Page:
Trenchless beneath Tennis Courts
The new main runs parallel to an existing concrete stormwater pipe of similar diameter and directly adjacent to the Nepean District Competition Tennis Courts. In fact, the edge of the main is directly below the Eastern most courts.
Open cut was not an option in this instance given the mains proximity to the courts and the imminent chance of settlement. As a result, microtunnelling was chosen as the preferred method of installation.
The ground conditions consisted of clay, sandy clay and the infamous Nepean cobbles. These cobblestones can be anything from lucky stone to coconut size and up to 200MPa in strength. When in amongst the softer sand and clay strata, they cannot be broken up using a traditional microtunnelling cutters. As there is no bearing capacity to push against to break the cobbles, they tend to get thrown around the face and overcut can potentially occur.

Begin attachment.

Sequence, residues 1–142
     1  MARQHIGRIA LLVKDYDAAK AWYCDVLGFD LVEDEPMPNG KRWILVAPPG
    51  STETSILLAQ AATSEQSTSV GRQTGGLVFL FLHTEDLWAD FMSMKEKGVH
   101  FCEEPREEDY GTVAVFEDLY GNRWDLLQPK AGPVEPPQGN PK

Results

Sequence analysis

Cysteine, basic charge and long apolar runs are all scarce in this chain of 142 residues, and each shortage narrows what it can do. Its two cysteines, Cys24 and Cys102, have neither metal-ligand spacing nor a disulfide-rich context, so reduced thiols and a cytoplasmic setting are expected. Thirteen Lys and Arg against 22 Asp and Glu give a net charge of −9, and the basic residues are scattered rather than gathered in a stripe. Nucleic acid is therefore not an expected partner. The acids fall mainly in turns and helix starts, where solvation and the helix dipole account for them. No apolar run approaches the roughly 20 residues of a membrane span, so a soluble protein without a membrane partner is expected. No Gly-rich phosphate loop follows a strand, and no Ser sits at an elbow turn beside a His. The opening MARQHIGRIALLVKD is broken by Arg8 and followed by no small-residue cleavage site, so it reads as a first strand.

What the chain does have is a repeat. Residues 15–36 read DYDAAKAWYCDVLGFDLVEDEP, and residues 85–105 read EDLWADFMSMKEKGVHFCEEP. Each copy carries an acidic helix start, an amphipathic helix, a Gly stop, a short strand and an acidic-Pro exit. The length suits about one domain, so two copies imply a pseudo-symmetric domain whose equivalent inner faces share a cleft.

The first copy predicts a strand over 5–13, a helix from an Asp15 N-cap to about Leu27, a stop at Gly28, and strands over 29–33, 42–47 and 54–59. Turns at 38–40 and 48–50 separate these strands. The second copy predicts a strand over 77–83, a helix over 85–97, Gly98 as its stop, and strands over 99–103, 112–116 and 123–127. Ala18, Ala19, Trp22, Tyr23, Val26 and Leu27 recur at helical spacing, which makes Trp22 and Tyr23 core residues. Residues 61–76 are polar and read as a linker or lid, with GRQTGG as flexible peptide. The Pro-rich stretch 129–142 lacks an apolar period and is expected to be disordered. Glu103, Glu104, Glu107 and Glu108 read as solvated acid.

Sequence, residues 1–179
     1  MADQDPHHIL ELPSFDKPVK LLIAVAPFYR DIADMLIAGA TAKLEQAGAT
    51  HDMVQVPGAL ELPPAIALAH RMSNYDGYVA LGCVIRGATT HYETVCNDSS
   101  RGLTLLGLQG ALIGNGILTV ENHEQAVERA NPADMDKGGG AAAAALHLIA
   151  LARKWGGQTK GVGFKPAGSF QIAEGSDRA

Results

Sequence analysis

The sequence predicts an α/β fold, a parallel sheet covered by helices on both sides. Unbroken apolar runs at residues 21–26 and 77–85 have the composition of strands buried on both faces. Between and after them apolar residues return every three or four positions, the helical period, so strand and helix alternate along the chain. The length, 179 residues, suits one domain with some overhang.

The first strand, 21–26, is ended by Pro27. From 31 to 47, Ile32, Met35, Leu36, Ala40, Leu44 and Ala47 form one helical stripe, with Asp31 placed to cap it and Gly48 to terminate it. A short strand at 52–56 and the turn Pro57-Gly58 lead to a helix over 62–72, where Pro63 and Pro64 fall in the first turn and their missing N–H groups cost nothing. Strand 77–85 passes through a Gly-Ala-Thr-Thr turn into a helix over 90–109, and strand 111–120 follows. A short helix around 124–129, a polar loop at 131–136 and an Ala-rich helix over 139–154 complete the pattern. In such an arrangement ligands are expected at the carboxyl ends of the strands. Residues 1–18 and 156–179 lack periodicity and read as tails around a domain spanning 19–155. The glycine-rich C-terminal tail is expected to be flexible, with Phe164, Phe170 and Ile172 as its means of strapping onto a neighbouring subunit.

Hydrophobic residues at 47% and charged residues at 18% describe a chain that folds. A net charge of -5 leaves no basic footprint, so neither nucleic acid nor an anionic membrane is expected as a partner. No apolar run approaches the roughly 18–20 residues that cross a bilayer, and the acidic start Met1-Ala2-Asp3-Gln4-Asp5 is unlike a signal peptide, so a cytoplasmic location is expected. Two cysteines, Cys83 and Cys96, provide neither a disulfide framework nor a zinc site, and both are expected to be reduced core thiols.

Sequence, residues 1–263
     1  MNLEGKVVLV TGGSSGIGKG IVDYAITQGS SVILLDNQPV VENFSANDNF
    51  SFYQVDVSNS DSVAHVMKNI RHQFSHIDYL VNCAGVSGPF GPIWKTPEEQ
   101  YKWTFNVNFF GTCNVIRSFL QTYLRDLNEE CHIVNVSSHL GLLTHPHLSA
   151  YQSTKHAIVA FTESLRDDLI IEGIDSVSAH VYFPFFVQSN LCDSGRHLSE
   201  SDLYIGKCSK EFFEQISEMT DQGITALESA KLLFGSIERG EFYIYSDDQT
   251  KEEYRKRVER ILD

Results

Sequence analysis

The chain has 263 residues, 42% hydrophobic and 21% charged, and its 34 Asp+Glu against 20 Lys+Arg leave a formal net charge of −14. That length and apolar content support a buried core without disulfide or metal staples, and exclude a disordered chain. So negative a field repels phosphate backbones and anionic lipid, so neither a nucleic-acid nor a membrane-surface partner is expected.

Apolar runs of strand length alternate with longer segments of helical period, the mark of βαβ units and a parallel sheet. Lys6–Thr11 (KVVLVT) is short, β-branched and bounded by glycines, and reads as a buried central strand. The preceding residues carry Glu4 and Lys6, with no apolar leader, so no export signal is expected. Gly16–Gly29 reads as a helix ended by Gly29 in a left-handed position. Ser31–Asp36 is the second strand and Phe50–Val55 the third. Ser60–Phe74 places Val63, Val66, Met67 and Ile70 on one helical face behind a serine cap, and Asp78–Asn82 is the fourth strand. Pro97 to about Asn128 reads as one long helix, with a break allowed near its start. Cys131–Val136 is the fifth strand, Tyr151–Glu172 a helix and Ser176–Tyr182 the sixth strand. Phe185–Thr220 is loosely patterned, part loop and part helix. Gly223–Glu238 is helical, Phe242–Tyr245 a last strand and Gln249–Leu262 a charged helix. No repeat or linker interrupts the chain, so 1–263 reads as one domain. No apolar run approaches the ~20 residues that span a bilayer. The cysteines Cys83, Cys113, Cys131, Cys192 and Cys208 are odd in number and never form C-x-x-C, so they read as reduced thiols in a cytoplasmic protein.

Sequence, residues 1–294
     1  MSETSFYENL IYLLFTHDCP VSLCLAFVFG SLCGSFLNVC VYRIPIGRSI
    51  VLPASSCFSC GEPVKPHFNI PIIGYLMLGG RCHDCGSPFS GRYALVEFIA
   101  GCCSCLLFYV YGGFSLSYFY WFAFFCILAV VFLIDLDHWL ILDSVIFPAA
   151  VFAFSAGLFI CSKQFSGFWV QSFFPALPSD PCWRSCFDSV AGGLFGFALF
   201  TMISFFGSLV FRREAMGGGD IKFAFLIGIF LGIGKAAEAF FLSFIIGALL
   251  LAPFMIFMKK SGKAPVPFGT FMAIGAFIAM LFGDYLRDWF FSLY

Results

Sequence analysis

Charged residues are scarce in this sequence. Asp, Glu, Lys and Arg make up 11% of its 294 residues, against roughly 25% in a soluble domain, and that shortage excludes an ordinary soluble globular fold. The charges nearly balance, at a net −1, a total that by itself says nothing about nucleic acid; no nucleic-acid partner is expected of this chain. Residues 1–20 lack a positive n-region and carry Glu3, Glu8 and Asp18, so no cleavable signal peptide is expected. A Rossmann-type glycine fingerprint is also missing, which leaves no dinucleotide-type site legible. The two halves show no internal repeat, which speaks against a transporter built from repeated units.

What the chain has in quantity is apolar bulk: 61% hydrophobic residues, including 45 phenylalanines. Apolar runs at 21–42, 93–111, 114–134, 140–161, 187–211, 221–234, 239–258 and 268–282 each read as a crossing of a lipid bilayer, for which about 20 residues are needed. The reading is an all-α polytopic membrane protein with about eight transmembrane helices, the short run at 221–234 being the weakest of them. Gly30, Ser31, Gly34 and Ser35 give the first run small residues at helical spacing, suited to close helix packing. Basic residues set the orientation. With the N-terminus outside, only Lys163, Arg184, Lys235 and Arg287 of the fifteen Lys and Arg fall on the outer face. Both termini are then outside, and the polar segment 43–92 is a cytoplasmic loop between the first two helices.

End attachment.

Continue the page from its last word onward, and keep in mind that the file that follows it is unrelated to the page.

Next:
Thus, an open face, piloted microtunnel shield was chosen. This technique is traditionally used in fill or soft ground conditions. The method has proven to be very effective when challenging ground is expected and when installing or replacing larger diameter culverts (DN 1200 and above).
Advantages of Piloted System
Whilst a DN1200 pipe is very tight for a piloted system, it’s advantages are:
- Access to the face should a blockage or foreign object be present
- Ability to transport larger volumes of spoil via a skip from the face – clay and cobbles together
- Dry spoil removal – no need to take it to a tip